Feel free to doubt him, as Kyle Seager is the kind of gritty player that is easy to underestimate, but in time I like to think both fans and foes alike will come to realize that he’s a keeper. 

Read more MLB news on

Josh Hamilton Signing Prompts Fear and Loathing in Seattle

Josh Hamilton is off the market and I’m OK with that, but not everyone feels the same way.

In fact, based on the response from most of the people I’ve spoken to and read, the Mariners‘ whiffing on Hamilton is a bit of a problem.

Upon hearing the news, a good friend and long-time M’s fan sighed, “It’s going to be a long winter and summer at the rate things are going.”

Another friend lamented, “Are the M’s ever going to turn things around, or are we all kidding ourselves?”

I tried to reason with him for a few minutes, but he wasn’t having it, as the situation seems well beyond repair at this point.  Funny thing is, he wasn’t even all that keen on signing Hamilton in the first place.  

For some though, the lost opportunity seemed to cut deeper and offered the perfect chance to exact retribution for the team’s most recent missteps.  Steve Kelley at The Seattle Times believed the M’s should have done whatever it took to sign him, but he couldn’t resist throwing a few jabs at the organization for letting Hamilton get away:

Surely we know by now that we can’t expect the Mariners, who still seem to be putting most of their efforts into squashing the proposed SoDo arena project, to also have the time and concentration to go after expensive free agents.

Look, you can’t have everything. You should be happy about the new center-field scoreboard that has a TV screen the size of a Mount Kilimanjaro glacier. You were also expecting the Mariners to sign Josh Hamilton to play in the outfield, underneath that scoreboard?

Fortunately, not everyone was as bitter, as Dave Cameron at USS Mariner took a different approach by combating emotion with facts while urging everyone to stay calm in the wake of Hamilton’s signing:

I’m not suggesting the Mariners should just sit back and do nothing. I am suggesting, however, that those who continue to yell from the rooftops that offseason spending determines future on-field outcomes don’t know what they’re talking about.

Don’t be one of the mouth-breathers that overreacts to every free-agent acquisition by the Angels or Rangers. Let them yell and scream about how the world is ending. They weren’t right about this last year, and they’re not right about it now.

Cameron, as usual, offers us a rational point of view, but it’s hard to ignore, suppress or dismiss the emotions most of us are feeling right now.  

Of all the opinions I’ve read thus far, John McGrath’s at The Tacoma New Tribune seems the most even-handed by simply looking at the M’s decision strictly from a financial standpoint.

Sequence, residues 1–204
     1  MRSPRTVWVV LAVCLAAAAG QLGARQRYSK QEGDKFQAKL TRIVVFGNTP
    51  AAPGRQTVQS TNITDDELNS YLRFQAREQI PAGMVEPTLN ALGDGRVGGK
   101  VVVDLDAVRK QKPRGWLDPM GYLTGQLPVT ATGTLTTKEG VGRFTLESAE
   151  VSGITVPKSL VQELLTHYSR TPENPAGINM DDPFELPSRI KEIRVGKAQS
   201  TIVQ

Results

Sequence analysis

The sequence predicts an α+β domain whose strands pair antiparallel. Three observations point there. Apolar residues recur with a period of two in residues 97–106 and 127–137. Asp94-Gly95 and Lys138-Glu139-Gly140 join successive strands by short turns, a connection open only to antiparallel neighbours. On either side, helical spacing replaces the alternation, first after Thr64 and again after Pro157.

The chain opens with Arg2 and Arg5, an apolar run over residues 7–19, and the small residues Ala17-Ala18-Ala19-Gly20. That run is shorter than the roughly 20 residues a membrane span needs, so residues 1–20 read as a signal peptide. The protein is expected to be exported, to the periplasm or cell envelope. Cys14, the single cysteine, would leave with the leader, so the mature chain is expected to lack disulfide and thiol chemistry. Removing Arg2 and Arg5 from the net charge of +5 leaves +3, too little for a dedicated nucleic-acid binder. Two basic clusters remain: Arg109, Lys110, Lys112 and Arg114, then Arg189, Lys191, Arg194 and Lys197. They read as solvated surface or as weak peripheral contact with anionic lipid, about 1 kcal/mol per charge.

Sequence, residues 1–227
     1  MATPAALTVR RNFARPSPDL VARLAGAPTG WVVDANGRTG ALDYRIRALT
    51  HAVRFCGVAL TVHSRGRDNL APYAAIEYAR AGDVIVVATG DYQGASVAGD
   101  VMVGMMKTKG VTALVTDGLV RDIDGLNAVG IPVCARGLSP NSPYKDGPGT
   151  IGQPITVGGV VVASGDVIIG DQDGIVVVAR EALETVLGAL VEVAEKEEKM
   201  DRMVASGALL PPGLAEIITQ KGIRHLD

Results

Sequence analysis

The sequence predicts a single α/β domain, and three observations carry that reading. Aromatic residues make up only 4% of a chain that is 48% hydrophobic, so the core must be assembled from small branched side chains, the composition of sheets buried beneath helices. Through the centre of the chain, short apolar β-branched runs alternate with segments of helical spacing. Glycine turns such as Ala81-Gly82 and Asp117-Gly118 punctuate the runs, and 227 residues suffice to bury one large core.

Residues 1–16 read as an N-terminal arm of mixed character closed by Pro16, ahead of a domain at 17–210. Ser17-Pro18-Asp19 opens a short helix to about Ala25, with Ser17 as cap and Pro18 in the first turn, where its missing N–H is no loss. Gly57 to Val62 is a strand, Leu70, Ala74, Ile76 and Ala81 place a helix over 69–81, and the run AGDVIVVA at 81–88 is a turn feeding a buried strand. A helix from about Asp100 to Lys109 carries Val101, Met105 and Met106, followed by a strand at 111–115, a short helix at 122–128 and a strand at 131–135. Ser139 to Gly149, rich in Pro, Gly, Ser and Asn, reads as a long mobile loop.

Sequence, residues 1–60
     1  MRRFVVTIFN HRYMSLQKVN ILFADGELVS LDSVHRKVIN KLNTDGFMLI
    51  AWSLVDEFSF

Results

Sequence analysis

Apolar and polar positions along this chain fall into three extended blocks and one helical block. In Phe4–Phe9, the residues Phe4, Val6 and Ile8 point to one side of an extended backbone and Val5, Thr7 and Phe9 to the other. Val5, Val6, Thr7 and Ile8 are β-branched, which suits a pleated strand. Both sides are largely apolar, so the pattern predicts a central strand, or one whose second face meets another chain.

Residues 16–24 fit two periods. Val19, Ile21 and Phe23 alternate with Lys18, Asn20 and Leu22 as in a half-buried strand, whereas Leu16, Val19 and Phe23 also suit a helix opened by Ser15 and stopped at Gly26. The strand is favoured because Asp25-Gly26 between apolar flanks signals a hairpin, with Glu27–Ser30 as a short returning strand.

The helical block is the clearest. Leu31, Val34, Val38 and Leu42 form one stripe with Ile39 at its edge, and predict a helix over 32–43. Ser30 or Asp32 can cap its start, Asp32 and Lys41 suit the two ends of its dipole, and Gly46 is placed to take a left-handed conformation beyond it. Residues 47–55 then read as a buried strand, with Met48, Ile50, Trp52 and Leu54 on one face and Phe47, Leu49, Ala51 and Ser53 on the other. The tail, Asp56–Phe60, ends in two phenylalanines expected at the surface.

It’s convenient to criticize the Mariners for operating on the cheap, and to mock Zduriencik as a ventriloquist’s puppet whose mouth moves when ownership pulls the strings. But declining to invest $125 million in an injury-prone player unlikely to contribute beyond three seasons doesn’t match any definition of cheap.

Cheap? I’d call it a prudent business decision for an organization challenged to keep ace pitcher Felix Hernandez on board after his contract expires at the end of the 2014 season. Don’t underestimate the thickness of that plot.

When you think of it in those terms, $125 million over five years for a man with more than a few issues, suddenly, it’s a little easier to move back off the ledge.  

At the same time, what happens next is what will really be telling. 

Until then, the team projects as a loser both on and off the field, and I would wager that is what has fans most upset at the moment.  Deep down, no one wants to root for a loser, certainly not one that fails to entertain or aspire to something bigger or better. 

Everyone knew that Hamilton wouldn’t solve all the M’s problems, but at the same time, he provided a sense of hope that the organization was committed to building a winner on the field and generating excitement off it as well.

The same thing could have been said this time last year when discussing Prince Fielder, and at this rate, it will likely happen again next year with whatever big name is available. 

The loss of Hamilton hurts a bit more, though, for two reasons.  

For starters, the M’s genuinely seemed to be in pursuit of Hamilton rather than simply paying lip service, like they did last year to Fielder. 

Perhaps more importantly, however, is the fact that we’ve all just lived through yet another season of watching Felix Hernandez pitch brilliantly alongside an uninspiring, albeit young supporting cast.  

It leaves a lot to be desired and questioned amongst a continually dwindling fanbase.  

Can this franchise rebound?

Will they sign someone decent ever again in free agency?